The show, the gallery’s first solo exhibit, is a lot to take in at first glance. Chalk drawings of equations on painted doors, windows and desks, projections of changing images on the walls, and a long, paper graph “hitmap” all absorb the senses. All the work not only explores identity and self, but it opens up communication between the layperson and the physicist, who is studying and being studied.

Read more

From the Deputy Director

ELBNF is born

Joe Lykken

At approximately 6:15 p.m. CST on January 22, 2015, the largest and most ambitious experimental collaboration for neutrino science was born.

It was inspired by a confluence of scientific mysteries and technological advances, engendered by the P5 report and the European Strategy update, and midwifed by firm tugs from Fermilab, CERN and Brookhaven Lab. Going by the placeholder name ELBNF (Experiment at the Long Baseline Neutrino Facility), the newborn had the impressive heft of 145 institutions from 23 countries.

The new Institutional Board (IB), convened by interim chair Sergio Bertolucci, unanimously approved a Memorandum of Collaboration that launches the election of spokespeople and a process to develop bylaws. The IB also endorsed an international governance plan for oversight of ELBNF detector projects, in concert with the construction of the LBNF facility hosted by Fermilab.

The goal of this international collaboration is crystal clear: a 40-kiloton modular liquid argon detector deep underground at the Sanford Underground Research Facility, exposed to a megawatt-class neutrino beam from Fermilab, with the first 10 kilotons in place by 2021. This goal will enable a comprehensive investigation of neutrino oscillations that can establish the presence of CP violation for leptons, unequivocally determine the neutrino mass ordering and strongly test our current neutrino paradigm. A high-resolution near detector on the Fermilab site will have its own rich physics program, and the underground far detector will open exciting windows on nucleon decay, atmospheric neutrinos, and neutrino bursts from supernova detonations.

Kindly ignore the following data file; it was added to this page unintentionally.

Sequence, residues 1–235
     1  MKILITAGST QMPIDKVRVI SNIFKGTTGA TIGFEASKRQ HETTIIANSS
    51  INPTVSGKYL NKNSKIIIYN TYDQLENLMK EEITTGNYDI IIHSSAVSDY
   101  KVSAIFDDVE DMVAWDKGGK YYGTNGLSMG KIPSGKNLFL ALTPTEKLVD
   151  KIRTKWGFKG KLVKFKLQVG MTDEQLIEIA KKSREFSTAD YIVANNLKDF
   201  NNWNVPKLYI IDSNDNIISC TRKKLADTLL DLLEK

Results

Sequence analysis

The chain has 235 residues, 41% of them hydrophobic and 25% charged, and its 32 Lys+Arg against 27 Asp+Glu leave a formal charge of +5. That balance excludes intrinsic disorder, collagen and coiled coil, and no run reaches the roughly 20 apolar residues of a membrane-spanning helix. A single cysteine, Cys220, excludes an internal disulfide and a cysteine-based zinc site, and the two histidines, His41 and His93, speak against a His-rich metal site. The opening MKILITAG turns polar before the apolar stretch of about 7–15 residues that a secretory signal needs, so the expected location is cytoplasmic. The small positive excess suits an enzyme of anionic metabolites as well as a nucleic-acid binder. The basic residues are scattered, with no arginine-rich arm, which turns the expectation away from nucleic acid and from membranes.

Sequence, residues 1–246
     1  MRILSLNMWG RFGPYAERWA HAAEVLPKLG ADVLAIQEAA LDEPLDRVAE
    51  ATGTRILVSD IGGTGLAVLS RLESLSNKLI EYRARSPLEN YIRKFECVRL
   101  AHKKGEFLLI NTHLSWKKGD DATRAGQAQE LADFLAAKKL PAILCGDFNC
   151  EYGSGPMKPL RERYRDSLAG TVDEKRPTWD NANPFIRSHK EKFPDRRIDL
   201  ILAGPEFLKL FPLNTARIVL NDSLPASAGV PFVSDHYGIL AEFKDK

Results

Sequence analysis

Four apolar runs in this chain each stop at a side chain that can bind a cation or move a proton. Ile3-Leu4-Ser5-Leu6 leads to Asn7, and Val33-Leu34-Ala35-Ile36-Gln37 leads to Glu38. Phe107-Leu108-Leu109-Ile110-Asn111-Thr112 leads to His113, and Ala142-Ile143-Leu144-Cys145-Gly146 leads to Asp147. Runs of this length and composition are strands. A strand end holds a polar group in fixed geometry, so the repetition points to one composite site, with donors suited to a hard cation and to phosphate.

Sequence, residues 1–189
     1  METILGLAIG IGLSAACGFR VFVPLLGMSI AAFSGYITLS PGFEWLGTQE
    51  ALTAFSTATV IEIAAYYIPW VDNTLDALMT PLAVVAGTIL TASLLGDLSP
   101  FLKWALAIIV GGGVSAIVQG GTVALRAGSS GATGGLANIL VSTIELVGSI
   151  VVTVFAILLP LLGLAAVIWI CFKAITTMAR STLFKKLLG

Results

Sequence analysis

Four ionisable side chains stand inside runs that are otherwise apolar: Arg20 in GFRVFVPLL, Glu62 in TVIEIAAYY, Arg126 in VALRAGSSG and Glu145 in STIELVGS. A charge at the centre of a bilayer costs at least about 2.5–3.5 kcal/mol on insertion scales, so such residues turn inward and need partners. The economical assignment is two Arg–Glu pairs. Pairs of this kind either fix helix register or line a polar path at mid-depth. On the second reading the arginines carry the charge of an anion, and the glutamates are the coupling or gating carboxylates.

Unlike most births, this one took place at an international meeting hosted by Fermilab; there was room for nearly all the friends and family of accelerator-based neutrino experiments. One of the critical items flagged at this meeting is to find a better name for the new collaboration. Here are a few of my unsolicited attempts:

nuLAND = neutrino Liquid ArgoN Detector

GOLDEN = Giant OsciLlation Detector Experiment for Neutrinos

Think you can do better? Go ahead. My older son, a high-priced management consultant, offered another one pro bono: NEutrino Research DetectorS.

I am too young to have been in the room when ATLAS and CMS (or for that matter CDF and D0) came into being, but last week I had the thrill of being part of something that had the solid vibe of history being made. The meeting website is here.

Announcements

Today's New Announcements

Fermi Philosophy Society - Jan. 29

Microsoft Office 2013 eBooks

Zumba Toning registration due today

Linux User Group meets Jan. 28

Zumba Fitness registration due Jan. 29

Vaughan Athletic Center membership rates effective Feb. 3

Writing for Results: Email and More - Feb. 27

Fermilab Functions - March 3, 5, 11

Interpersonal Communication Skills course - March 10

Managing Conflict course - March 24

2015 FRA scholarship applications accepted until April 1

URA Thesis Award Competition

Fermi Singers seek new members in New Year!

Windows 8.1 approved for use

GSA updates mileage rate to 57.5 cents for 2015

Abri Credit Union appreciates our members

The Take Five challenge and poster winter 2014/2015

Scottish country dancing Tuesday evenings at Kuhn Barn

Indoor soccer